December 27, 2013
TROY WALKER, Plaintiff,
STONEBRIDGE INVESTMENT GROUP, LLC, ET AL., Defendants.
ORDER AND FINDINGS & RECOMMENDATIONS
ALLISON CLAIRE, Magistrate Judge.
Plaintiff is proceeding in this action pro se. Plaintiff has requested authority pursuant to 28 U.S.C. § 1915 to proceed in forma pauperis. This case was referred to this court by Local Rule 72-302(c)(21).
Plaintiff has submitted the affidavit required by § 1915(a) showing that plaintiff is unable to prepay fees and costs or give security for them. Accordingly, the request to proceed in forma pauperis will be granted. 28 U.S.C. § 1915(a).
The federal in forma pauperis statute authorizes federal courts to dismiss a case if the action is legally "frivolous or malicious, " fails to state a claim upon which relief may be granted, or seeks monetary relief from a defendant who is immune from such relief. 28 U.S.C. § 1915(e)(2). A claim is legally frivolous when it lacks an arguable basis either in law or in fact. Neitzke v. Williams , 490 U.S. 319, 325 (1989); Franklin v. Murphy , 745 F.2d 1221, 1227-28 (9th Cir. 1984). The court may, therefore, dismiss a claim as frivolous where it is based on an indisputably meritless legal theory or where the factual contentions are clearly baseless. Neitzke , 490 U.S. at 327.
A complaint, or portion thereof, should only be dismissed for failure to state a claim upon which relief may be granted if it appears beyond doubt that plaintiff can prove no set of facts in support of the claim or claims that would entitle him to relief. Hishon v. King & Spalding , 467 U.S. 69, 73 (1984) (citing Conley v. Gibson , 355 U.S. 41, 45-46 (1957)); Palmer v. Roosevelt Lake Log Owners Ass'n , 651 F.2d 1289, 1294 (9th Cir. 1981). In reviewing a complaint under this standard, the court must accept as true the allegations of the complaint in question, Hospital Bldg. Co. v. Rex Hosp. Trustees , 425 U.S. 738, 740 (1976), construe the pleading in the light most favorable to the plaintiff, and resolve all doubts in the plaintiff's favor, Jenkins v. McKeithen , 395 U.S. 411, 421 (1969).
Plaintiff here brings forth two claims against defendants Stonebridge Investment, LLC (aka "I Stopped the Sheriff") and Bank of America for negligence. These claims arise out of certain fraudulent and predatory business practices allegedly employed by Stonebridge Investment when purporting to provide legal services in order to delay evictions for its clients.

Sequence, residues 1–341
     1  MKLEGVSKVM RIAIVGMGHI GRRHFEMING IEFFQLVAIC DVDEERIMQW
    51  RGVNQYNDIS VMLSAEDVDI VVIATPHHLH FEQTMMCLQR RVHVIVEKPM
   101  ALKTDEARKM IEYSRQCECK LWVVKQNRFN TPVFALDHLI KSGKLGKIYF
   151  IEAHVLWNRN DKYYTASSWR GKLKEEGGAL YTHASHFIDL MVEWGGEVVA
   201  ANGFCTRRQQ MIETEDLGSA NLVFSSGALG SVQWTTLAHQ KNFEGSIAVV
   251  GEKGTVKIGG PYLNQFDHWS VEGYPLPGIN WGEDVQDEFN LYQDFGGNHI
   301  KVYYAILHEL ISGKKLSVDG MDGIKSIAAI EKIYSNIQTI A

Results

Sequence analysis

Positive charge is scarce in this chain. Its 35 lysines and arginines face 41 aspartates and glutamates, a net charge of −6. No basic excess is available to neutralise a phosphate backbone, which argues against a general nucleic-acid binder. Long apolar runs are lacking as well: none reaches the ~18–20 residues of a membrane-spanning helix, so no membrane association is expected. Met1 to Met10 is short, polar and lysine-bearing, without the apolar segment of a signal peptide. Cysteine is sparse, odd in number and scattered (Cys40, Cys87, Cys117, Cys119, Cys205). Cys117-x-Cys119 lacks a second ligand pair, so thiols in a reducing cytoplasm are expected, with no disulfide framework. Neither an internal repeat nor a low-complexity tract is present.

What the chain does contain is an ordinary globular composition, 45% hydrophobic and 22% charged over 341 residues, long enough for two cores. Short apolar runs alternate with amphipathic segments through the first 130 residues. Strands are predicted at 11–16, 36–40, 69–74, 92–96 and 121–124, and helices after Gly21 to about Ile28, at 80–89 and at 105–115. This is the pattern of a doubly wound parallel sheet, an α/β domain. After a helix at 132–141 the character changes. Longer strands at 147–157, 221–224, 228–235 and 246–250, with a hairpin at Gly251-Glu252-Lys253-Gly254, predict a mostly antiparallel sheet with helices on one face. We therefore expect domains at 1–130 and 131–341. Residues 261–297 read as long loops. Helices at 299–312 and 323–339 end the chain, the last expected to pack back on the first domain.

Pursuant to 28 U.S.C. § 1331, federal district courts have original jurisdiction over "all civil actions arising under the Constitution, laws, or treaties of the United States." "A case arises under' federal law either where federal law creates the cause of action or where the vindication of a right under state law necessarily turn[s] on some construction of federal law.'" Republican Party of Guam v. Gutierrez , 277 F.3d 1086, 1088-89 (9th Cir. 2002) (quoting Franchise Tax Bd. v. Construction Laborers Vacation Trust , 463 U.S. 1, 8-9 (1983)). The presence or absence of federal-question jurisdiction is governed by the "well-pleaded complaint rule." Caterpillar, Inc. v. Williams , 482 U.S. 386, 392 (1987). Under the well-pleaded complaint rule, "federal jurisdiction exists only when a federal question is presented on the face of the plaintiff's properly pleaded complaint." Id . "Dismissal for lack of subject-matter jurisdiction because of the inadequacy of the federal claim is proper only when the claim is so insubstantial, implausible, foreclosed by prior decisions of this Court, or otherwise devoid of merit as not to involve a federal controversy.'" United States v. Morros , 268 F.3d 695, 701 (9th Cir. 2001) (quoting Steel Co. v. Citizens for a Better Env't , 523 U.S. 83, 89 (1998) (quotation omitted)). Plaintiff is alleging claims for negligence against the defendants. Because these matters do not appear to arise under federal law, the court does not have federal question jurisdiction.
Pursuant to 28 U.S.C. § 1332, federal district courts have original jurisdiction over civil actions in diversity cases "where the matter in controversy exceeds the sum or value of $75, 000" and where the matter is between "citizens of different States." Diversity jurisdiction requires plaintiff to be diverse from all named defendants. See 28 U.S.C. § 1332. Plaintiff and Stonebridge Investment appear to be California citizens, and therefore the complete diversity requirement is not satisfied.
Accordingly, IT IS HEREBY ORDERED that plaintiff's motion to proceed in forma pauperis (ECF No. 2) is granted; and
IT IS HEREBY RECOMMENDED that this action be dismissed for lack of subject matter jurisdiction.
These findings and recommendations are submitted to the United States District Judge assigned to the case, pursuant to the provisions of 28 U.S.C. § 636(b)(1). Within fourteen days after being served with these findings and recommendations, any party may file written objections with the court and serve a copy on all parties. Such a document should be captioned "Objections to Magistrate Judge's Findings and Recommendations." Failure to file objections within the specified time may waive the right to appeal the District Court's order. Turner v. Duncan , 158 F.3d 449, 455 (9th Cir. 1998); Martinez v. Ylst , 951 F.2d 1153, 1156-57 (9th Cir. 1991).